City of Burien turnover not a concern, city manager says
There has been enough turnover in Burien’s key government positions over the past year that some people started asking the usual questions, from “Why are they leaving?” to “With all this turnover, how much is city productivity hindered?”
Some specific examples of people leaving include the retirement of economic development manager Dick Loman (replaced by Issaquah’s EDM Dan Trimble), public works director Larry Blanchard (recently replaced by Maiya Andrews) and a shift for Burien’s management analyst Jenn Ramirez Robson to the interim director for New Futures. The vacant analyst position was filled last month by Nhan Nguyen – formerly of the White Center Community Development Association.
As to why people left their positions (or were asked to leave), there are laws protecting them from having those reasons aired publically, and Burien City Manager Mike Martin said he holds tight to that guideline.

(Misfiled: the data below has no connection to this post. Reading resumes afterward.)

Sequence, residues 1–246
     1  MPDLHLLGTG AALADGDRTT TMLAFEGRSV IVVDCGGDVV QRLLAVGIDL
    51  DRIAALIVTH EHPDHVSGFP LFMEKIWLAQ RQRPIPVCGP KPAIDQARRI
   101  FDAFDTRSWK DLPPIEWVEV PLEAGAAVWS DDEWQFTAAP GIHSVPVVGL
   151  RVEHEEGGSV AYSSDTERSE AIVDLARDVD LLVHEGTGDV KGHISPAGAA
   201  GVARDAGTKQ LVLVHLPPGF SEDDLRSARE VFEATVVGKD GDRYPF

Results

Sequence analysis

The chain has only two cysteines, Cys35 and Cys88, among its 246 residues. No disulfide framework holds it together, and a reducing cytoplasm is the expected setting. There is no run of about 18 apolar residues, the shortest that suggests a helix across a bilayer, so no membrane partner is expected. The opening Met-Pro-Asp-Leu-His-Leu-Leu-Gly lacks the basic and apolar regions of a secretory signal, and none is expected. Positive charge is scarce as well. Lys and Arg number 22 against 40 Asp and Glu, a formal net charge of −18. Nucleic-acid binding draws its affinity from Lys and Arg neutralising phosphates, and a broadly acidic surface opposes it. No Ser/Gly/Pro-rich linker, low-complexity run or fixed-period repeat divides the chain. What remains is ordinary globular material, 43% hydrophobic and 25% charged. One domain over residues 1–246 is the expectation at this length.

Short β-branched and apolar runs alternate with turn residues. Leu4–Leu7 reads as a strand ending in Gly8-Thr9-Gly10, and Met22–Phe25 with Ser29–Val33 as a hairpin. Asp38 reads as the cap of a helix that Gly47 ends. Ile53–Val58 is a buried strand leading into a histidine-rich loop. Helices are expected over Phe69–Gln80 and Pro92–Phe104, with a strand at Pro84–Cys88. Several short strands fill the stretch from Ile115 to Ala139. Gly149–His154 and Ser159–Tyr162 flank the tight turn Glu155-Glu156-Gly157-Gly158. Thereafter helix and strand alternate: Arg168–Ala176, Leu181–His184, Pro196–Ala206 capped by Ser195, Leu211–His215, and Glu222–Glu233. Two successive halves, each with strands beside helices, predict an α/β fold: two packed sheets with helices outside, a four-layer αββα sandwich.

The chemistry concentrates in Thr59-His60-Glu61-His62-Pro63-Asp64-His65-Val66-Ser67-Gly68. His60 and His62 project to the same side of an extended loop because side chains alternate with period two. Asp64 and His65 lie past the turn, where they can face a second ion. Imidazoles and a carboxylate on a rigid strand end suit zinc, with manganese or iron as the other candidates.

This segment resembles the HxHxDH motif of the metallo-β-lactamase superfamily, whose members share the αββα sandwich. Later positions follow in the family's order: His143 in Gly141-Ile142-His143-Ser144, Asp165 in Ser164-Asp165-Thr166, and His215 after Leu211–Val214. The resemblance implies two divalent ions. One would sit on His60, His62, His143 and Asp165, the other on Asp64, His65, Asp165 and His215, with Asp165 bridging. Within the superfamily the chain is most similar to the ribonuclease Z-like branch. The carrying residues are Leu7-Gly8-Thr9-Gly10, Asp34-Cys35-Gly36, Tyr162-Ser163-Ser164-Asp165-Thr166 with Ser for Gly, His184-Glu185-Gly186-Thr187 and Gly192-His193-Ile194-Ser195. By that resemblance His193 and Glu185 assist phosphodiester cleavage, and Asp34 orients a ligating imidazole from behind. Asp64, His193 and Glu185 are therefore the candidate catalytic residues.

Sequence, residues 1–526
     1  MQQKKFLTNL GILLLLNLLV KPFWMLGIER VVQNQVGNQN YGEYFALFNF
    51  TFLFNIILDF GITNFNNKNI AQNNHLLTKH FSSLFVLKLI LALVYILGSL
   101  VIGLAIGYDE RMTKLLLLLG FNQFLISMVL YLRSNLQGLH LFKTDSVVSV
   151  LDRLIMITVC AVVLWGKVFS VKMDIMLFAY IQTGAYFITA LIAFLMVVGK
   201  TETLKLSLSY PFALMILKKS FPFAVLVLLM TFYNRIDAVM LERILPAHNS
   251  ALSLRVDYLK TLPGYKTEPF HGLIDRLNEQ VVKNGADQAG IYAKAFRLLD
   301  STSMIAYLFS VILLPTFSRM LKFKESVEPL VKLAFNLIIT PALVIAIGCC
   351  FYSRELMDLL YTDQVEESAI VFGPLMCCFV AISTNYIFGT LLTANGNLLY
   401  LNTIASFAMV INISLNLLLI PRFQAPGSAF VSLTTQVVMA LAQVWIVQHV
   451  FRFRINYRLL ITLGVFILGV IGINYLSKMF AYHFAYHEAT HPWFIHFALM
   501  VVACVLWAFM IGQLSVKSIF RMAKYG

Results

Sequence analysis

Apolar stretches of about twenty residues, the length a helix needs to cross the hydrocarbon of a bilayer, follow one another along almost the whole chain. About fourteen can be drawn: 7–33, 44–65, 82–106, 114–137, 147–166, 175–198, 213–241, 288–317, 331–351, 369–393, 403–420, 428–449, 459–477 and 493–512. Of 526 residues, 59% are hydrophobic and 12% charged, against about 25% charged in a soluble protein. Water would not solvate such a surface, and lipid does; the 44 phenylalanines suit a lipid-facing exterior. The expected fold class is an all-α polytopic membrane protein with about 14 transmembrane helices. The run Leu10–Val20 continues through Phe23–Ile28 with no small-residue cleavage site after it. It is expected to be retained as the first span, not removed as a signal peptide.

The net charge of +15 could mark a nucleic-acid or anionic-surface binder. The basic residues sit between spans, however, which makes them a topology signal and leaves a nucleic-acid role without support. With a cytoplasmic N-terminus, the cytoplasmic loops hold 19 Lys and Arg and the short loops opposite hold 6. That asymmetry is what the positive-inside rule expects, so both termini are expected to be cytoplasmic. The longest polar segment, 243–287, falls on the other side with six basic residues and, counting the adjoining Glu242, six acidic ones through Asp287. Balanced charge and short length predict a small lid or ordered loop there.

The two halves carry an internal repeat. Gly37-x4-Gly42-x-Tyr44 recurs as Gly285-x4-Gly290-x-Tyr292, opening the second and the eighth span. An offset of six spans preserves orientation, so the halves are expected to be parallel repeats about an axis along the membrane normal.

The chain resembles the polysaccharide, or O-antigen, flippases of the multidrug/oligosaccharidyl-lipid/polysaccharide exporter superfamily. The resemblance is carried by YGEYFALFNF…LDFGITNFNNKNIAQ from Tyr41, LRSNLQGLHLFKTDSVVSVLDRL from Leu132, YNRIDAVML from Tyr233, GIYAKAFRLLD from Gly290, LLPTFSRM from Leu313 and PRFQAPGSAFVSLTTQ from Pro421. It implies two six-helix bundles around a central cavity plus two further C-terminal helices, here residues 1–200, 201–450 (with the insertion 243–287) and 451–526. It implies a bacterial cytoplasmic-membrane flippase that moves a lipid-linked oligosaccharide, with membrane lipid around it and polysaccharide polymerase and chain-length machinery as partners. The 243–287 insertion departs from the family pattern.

In terms of productivity when Burien has a vacant position, Martin said, “You just make due, that’s what you do.”
“We are a small organization,” he said of the Burien government, “so when you have leadership positions leave, it creates a vacuum that needs to be filled.”
Martin said each case is different but, for example, when Loman retired Martin stepped in and took on much of the economic development role himself. When Blanchard left as the public works director, Martin said he had someone in the parks department with knowledge of the position help out until a replacement was found.
“The city manager is supposed to be the jack-of-all-trades,” Martin said, explaining his role in filling the gaps when a small organization “without much redundancy” has vacancies.
While Martin said he couldn't go into specifics on why people left their positions, he assured Burienites that "the organization is very healthy," with good employee morale and the ability to attract and hire quality candidates.